Her country might be tearing itself apart over Brexit but in the meantime, the property portfolio of the UK's royal family is delivering bountiful returns for Queen Elizabeth II.
The Crown Estate, which among other assets owns London's Regent Street and the entire UK seabed, delivered a record £304.1 million (S$548 million) to the Treasury in 2016 after the value of its portfolio rose to £12 billion.
In a statement the estate management team highlighted upgrades to London's West End properties, and sales of residential properties.
The estate also brought in £22.9 million over the year from leasing the country's seabed to offshore wind farms.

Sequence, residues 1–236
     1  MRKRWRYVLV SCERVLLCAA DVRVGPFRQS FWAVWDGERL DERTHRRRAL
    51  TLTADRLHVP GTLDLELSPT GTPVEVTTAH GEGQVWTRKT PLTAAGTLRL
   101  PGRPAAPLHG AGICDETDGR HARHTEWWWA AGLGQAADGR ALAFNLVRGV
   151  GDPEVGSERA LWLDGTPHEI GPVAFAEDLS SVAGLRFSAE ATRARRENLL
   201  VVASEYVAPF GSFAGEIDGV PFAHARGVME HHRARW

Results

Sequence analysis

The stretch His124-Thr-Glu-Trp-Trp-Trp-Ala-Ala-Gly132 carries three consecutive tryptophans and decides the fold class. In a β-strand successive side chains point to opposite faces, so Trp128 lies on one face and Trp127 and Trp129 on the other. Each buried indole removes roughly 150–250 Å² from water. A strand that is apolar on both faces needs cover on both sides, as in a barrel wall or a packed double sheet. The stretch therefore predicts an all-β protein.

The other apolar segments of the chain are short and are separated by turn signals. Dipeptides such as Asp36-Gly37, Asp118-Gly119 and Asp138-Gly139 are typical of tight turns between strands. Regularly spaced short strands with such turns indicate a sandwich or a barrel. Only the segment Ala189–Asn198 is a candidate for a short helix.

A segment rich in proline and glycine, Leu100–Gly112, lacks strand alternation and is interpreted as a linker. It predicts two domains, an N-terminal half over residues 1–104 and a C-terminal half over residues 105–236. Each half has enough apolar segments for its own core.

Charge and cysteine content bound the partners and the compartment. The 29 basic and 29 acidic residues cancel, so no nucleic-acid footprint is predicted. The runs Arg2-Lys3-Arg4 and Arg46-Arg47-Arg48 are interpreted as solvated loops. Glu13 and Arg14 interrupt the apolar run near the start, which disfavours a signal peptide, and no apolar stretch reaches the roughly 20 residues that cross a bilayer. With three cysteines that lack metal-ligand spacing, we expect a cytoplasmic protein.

"We have secured our long-term sustainable growth through the active management of world-class office and retail destinations, the strength and timing of the largest development pipeline in our history, together with the UK's world leading position in offshore wind," said Alison Nimmo, Chief Executive of The Crown Estate on Tuesday.
Once the returns are delivered to the UK Treasury, an amount known as the 'Sovereign Grant', is sliced off and returned to the Queen.
This year the Queen received a grant of nearly £43 million, currently calculated as 15 per cent of the Crown Estate's profits.
That figure is based on a 2014/2015 payment to Treasury of £285 million pounds.
Under 2016's improved returns, the Queen will be set to land in excess of £45 million from her property portfolio.
That figure could fall though as the government and a senior royal official are this year scheduled to carry out a review of the grant's terms.